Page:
Blogging can be a solitary endeavor, so it’s exciting when another cool website publishes a blogger’s thoughts and ideas. Over the past several weeks I’ve had two blog posts published over at A Platform for Good (PFG), a part of the Family Online Safety Institute (FOSI).
PFG aims to encourage parents, kids, and educators to connect with one another and think about “doing good” in the digital world. The website and the blog focus on a range of interesting topics with lots of ideas on digital parenting, learning, growing up in today’s world, and many other authentic opportunities — all great for us to have access to in a connected world.
My greatest connected learner satisfaction comes when I discover answers to questions that I haven’t yet thought to ask — something that occurs almost every day in my digital world. Online I’ll search on a topic, read, or merely glance over a site, and suddenly I discover a resource and think — I need to know about that!
As I read the blog post, Learning Online: Real Answers to Real Questions, by colleague and master teacher, Susan Lucille Davis, that’s exactly how I felt. Davis shares a range of digital parenting resources that help to answer parents’ 21st Century learning questions, and along the way, she helps us realize just how much more we can learn in our connected world.
Writing forA Platform for Good, Davis offers resource suggestions that parents can use to gain digital skill and knowledge right along with their children, and teachers can share with their students’ parents.
I had no idea that parents can set up subsidiary e-mail accounts, despite the fact that I am on Google and Gmail countless times each day.
Somehow I’ve missed Joyce Valenza’s TEDTalk about helping kids expand online research skills, but it’s a resource to share widely in an academic community.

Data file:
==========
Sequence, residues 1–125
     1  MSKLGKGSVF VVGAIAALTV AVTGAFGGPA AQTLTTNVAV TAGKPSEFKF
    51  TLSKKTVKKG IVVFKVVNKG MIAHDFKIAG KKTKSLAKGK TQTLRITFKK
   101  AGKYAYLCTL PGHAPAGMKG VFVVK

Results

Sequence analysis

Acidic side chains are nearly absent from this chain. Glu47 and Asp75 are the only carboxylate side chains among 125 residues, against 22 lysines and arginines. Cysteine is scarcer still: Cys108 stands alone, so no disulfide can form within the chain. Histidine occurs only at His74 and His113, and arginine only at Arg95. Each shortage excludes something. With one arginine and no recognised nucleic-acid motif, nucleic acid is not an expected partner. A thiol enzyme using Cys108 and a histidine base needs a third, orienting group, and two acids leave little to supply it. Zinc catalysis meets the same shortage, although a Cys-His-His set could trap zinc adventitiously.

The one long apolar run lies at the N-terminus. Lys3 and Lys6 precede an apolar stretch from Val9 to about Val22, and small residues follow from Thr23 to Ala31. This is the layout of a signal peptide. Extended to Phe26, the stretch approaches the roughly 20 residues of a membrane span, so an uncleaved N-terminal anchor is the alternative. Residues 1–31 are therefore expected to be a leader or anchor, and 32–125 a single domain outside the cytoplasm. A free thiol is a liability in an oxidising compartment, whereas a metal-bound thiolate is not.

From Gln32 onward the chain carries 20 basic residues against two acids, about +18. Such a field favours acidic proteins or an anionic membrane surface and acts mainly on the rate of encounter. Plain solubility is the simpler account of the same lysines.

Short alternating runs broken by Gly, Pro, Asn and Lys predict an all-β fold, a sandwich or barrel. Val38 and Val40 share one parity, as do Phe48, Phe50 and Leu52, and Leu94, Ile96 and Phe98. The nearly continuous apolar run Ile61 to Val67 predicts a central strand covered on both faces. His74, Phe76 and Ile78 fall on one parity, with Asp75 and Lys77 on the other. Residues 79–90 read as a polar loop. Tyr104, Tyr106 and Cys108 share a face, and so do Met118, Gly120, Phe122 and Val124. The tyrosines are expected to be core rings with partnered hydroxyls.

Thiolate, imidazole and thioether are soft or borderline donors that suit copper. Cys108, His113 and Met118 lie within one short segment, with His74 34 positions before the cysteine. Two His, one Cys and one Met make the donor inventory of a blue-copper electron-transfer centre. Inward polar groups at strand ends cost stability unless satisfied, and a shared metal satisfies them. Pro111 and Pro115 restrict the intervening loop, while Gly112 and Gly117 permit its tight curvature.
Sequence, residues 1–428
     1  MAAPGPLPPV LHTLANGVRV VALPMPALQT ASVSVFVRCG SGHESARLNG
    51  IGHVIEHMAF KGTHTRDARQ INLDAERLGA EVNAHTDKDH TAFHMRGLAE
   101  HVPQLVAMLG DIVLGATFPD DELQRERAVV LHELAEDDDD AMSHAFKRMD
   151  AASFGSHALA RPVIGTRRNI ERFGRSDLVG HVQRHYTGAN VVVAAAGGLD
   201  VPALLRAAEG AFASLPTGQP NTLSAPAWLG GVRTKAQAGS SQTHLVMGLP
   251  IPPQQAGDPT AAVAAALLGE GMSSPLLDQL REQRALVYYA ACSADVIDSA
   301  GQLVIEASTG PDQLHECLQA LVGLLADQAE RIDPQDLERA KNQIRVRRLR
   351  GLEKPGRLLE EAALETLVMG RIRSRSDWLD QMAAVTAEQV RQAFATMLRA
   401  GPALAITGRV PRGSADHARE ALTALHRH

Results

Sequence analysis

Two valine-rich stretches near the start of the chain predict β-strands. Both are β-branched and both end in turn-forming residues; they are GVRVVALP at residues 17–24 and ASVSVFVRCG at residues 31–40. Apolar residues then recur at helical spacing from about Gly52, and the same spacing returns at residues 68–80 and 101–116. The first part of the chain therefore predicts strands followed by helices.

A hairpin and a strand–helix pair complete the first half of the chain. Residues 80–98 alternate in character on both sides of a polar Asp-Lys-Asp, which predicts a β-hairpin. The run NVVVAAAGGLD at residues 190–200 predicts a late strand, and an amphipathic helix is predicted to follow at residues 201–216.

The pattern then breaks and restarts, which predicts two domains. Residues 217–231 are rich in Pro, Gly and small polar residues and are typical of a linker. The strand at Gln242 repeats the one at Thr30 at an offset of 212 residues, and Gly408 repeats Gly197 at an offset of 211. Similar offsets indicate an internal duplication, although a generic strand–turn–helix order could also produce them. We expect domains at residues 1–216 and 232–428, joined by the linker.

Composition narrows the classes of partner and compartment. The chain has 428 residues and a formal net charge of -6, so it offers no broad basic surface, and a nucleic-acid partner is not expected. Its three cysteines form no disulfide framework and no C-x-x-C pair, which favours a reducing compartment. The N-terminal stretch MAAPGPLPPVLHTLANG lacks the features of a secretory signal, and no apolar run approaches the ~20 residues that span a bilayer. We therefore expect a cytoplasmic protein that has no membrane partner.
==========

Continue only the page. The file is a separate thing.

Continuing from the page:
Good quality COPPA information sources, that provide basic information to share with parents, are hard to find, but Davis found one and it’s good.
I, too have found that parents need lots of information about digital kids and learning. On my “class-on-a-blog,” initially set up for parents at my school, I write about tools, apps, and sites. On this other site, Discover Your Child’s Digital World, my posts concentrate on digital adventures that kids experience and adults may not know much about.
The idea of spring cleaning each individual’s digital profile is terrific — something for parents and teachers to do themselves and then share with children.
Just like we tidy up our homes and our gardens in March, April, and May, it’s a good time to put our digital domiciles on the to-do list. Paying attention to the upkeep of our digital footprints and devices allows us to clean up and polish online images and minimize potential problems on our devices and gadgets. In the process, we learn a lot about ourselves, but also about the details that others can learn about us online.
Our vision for A Platform for Good is to start a dialogue about what it means to participate responsibly in a digital world. While recognizing the potential risks, we will celebrate technology as a vehicle for opportunity and social change.
The clean-up-your-digital-life mini-poster, available by link or download, asks each of us to take some time to dust off our online lives. Suggestions include ensuring that our passwords are strong, Googling ourselves to see what comes up from a search, and examining our devices to be sure that they are secure and up-to-date. The Platform for Good document also encourages individuals — adults and children — to evaluate the privacy settings on any social network accounts (many adults and children reside on these sites as if they are second homes or at least daily digital playgrounds).